After spending a day prowling the trails of Montana in the ’24 GMC Canyon AT4X and AT4X AEV Edition, it was immediately clear that GMC has taken aim at the midsize and adventure truck market and hit a bullseye. 

Formerly the sole domain within GM of Chevrolet, GMC finally gets in on the action with the new Canyon, and for the first time in collaboration with premier adventure outfitter American Expedition Vehicles (AEV). 

While we recently drove Chevrolet’s Colorado in the California desert, and the majority of this story directly relates to the Chevy product as well, there are some differences between the two trucks (such as the hydraulic jounce bumpers, which are standard on the Colorado ZR2 Bison, and allow that truck to get real rowdy, are optional on the swankier Canyon).

Think of the GMC Canyon AT4X being enhanced for trail work and distance, while the Colorado ZR2 (and Bison) has been optimized for go-fast and fun. 


The GMC Canyon AT4X AEV Edition is a mouthful, but it’s a truck that is also full of content and capability.

Unlike the Colorado, every Canyon receives the wide track version of the platform, along with those cool muscularly blistered fenders that add to the Canyon’s great stance. The high-output version of the turbocharged 2.7L I4 is also standard. To that, you overlay the AEV Edition package, a collaboration between American Expedition Vehicles and GMC, and you get wheel well-filling 35-inch tires. On a midsize truck. From the factory. Even Jeep doesn’t have this one figured out for the Gladiator.



We found the base Canyon AT4X to be incredibly capable in technical terrain, especially in the hands of a skilled driver.

Canyon’s upper tier off-road hierarchy starts with the AT4X, which comes from the factory with a 3-inch factory lift, standard Multimatic DSSV dampers (with outboard mounting in the rear), front and rear lockers, and underbody protection in the form of skid plating for the for the front crossmember and transfer case and robust rock rails. It has 33-inch tires and is fully capable in its own right.


AT4X AEV Edition
Above that is the AT4X AEV Edition, which adds a massive amount of content for a relative bargain. For a $10,100 premium, the AEV Edition includes a 1.5-inch lift over the AT4X, 35-inch Goodyear Wrangler Territory MT tires on 17-inch beadlock-capable AEV Salta wheels, with a full-size, bed-mounted spare. Flares are upsized to cover the increased tire size and track width and ground clearance grows to an impressive 12.2 inches.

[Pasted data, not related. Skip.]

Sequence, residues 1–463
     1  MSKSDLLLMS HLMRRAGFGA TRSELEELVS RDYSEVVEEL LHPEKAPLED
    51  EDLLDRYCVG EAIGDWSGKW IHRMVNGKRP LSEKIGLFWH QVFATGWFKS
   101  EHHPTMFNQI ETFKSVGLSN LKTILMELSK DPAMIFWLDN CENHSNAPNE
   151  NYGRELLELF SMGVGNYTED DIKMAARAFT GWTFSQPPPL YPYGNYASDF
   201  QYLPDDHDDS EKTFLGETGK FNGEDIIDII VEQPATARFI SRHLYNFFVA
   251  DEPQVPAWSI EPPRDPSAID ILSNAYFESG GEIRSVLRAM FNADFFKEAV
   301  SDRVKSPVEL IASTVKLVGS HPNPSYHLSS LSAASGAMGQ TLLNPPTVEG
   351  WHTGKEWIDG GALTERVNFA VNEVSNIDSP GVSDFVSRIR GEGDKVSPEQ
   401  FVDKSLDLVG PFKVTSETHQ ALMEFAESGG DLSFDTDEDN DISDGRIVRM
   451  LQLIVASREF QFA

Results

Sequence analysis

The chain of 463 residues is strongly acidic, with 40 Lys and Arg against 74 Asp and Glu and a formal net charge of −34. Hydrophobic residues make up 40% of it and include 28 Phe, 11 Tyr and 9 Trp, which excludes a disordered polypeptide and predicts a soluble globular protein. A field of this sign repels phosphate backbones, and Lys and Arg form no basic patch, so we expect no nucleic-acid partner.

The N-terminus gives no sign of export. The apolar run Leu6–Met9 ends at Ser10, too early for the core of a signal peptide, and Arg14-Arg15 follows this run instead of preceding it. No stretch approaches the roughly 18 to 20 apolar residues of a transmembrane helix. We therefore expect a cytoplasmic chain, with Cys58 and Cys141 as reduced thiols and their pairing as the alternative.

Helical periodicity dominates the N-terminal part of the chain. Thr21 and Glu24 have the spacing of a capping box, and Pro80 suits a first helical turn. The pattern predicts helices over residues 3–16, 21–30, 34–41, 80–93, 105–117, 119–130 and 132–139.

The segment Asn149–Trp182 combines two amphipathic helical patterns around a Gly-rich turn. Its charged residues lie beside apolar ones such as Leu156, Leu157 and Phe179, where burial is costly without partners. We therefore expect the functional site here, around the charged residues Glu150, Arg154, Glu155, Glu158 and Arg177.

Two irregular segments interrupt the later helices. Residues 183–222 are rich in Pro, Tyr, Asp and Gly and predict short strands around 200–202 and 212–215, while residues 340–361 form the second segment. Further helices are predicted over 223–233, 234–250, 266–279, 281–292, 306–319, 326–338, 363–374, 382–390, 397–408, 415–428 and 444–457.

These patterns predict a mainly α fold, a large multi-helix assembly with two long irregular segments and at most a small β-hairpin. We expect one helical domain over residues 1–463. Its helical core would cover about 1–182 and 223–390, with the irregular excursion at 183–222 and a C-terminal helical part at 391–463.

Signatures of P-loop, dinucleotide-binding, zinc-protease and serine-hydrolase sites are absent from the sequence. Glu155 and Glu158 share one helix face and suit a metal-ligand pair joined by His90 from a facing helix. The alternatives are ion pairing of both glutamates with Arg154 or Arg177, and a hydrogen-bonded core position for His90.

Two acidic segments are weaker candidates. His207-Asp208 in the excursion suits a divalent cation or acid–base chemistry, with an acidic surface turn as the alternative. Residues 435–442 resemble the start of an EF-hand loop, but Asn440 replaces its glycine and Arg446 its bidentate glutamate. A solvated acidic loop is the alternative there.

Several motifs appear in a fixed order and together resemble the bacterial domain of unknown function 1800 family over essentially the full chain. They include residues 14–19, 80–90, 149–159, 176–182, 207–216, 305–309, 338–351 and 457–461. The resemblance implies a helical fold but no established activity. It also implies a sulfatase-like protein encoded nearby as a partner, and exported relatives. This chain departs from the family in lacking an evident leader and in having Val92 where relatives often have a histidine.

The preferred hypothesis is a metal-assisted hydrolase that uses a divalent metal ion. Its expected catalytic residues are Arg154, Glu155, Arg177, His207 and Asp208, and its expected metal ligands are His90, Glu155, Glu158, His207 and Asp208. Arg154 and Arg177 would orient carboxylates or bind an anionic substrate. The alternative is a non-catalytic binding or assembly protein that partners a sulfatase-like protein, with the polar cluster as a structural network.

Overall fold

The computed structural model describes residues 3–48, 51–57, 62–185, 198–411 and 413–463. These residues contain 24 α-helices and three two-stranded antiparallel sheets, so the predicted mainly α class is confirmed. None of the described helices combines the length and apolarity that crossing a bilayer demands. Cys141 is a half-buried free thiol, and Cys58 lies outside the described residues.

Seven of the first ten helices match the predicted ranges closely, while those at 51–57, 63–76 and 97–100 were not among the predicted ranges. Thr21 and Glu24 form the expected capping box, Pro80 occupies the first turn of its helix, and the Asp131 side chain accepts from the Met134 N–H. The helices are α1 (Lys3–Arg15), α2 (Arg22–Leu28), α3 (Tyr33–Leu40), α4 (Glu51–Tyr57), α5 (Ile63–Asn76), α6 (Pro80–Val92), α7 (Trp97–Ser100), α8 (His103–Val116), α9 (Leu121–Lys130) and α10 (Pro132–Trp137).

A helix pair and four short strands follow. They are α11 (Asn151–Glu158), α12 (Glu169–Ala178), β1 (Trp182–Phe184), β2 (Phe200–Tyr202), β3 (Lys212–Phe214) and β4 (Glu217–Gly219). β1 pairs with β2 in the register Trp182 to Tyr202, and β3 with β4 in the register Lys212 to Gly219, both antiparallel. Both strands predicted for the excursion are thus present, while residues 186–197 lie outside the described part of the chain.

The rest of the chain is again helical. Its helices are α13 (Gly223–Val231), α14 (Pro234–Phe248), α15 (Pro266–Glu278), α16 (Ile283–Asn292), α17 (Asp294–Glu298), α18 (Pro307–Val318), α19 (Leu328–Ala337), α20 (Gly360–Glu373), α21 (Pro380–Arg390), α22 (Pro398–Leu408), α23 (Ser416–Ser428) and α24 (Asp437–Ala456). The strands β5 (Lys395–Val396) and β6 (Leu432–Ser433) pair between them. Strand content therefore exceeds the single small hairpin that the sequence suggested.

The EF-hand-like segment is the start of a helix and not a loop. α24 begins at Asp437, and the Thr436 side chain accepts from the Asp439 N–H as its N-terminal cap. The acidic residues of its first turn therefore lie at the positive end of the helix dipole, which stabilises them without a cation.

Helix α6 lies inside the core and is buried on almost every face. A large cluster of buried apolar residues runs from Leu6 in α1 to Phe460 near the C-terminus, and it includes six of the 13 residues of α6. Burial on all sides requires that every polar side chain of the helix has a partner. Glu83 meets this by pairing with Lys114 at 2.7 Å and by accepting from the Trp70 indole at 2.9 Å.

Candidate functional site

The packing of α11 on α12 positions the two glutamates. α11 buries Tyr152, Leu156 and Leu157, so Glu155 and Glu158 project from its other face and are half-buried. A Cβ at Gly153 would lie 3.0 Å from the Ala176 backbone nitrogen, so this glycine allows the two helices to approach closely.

The AEV Edition Canyon includes a full-size, 35-inch spare tire mounted in the bed.


The front AEV Edition bumper is manufactured from stamped steel and is designed to accept a winch.

Beyond suspension and tires, the AEV-optioned trucks also include five high-strength, hot-stamped Boron steel skid plates that protect the radiator, steering rack, transmission, transfer case, fuel tank, and rear differential.


The rear AEV Edition bumper is also stamped steel and incorporates heavy-duty cast iron tow points. Unique sliders along the lower edge of the bumper use easily removed plastic beauty covers and allows the bumper to slide along obstacles without being damaged.

Stamped steel AEV front and rear bumpers are designed for durability, include heavy-duty recovery points, and the front bumper is winch capable. On the inside, upfitter switches are standard and AEV branding is added to the headrests and all-weather floor mats.


In our opinion, the Canyon is one of the best-looking trucks on the market. GMC really nailed the styling, especially with the front end, which looks modern and contemporary, and vastly different from the arguably less cohesive face of its Colorado stablemate.


The 17-inch AEV Salta wheels are beadlock capable and the factory rock sliders will prevent the Canyon from receiving body damage in rugged terrain.

Once you add 35-inch tires to take advantage, visually, of those fender blisters, the truck looks wide and squatty, with perfect toy-like proportions.



GMC bestowed the highest output version of the 2.7L turbo four on all Canyons. Output is 310 horsepower and 430 lb-ft of torque, backed by GM’s 8-speed automatic transmission. The trans has a fairly low 4.56 first gear, giving the Colorado a respectable 42.4:1 crawl ratio. With an EPA rating of 18 city and 22 highway and a 21.5-gallon fuel tank, we would estimate real world highway range at more than 400 miles and trail range to be over 200 miles.



There are some differences between the AT4X and AT4X AEV Edition when it comes to the numbers. While the AT4X has some solid specs in terms of approach angle (37 degrees), departure angle (25 degrees), breakover angle (24.5 degrees), and ground clearance (10.7 inches), it is handily beaten by the AEV truck which increases those numbers to 38.2 degrees, 26 degrees, 26.9 degrees, and 12.2 inches.

As with everything in life, there are tradeoffs, as the maximum tow rating drops from 7,700 to 6,000 pounds on the AT4X and 5,500 on the AEV edition. Payload drops from a maximum of 1,640 on the best hauling Colorado to 1,250 pounds on the AT4X and to just over 1,000 on the AEV Edition. Of course, one needs to take into account that a similarly modified truck in the aftermarket will have a commensurate decrease in payload, as well.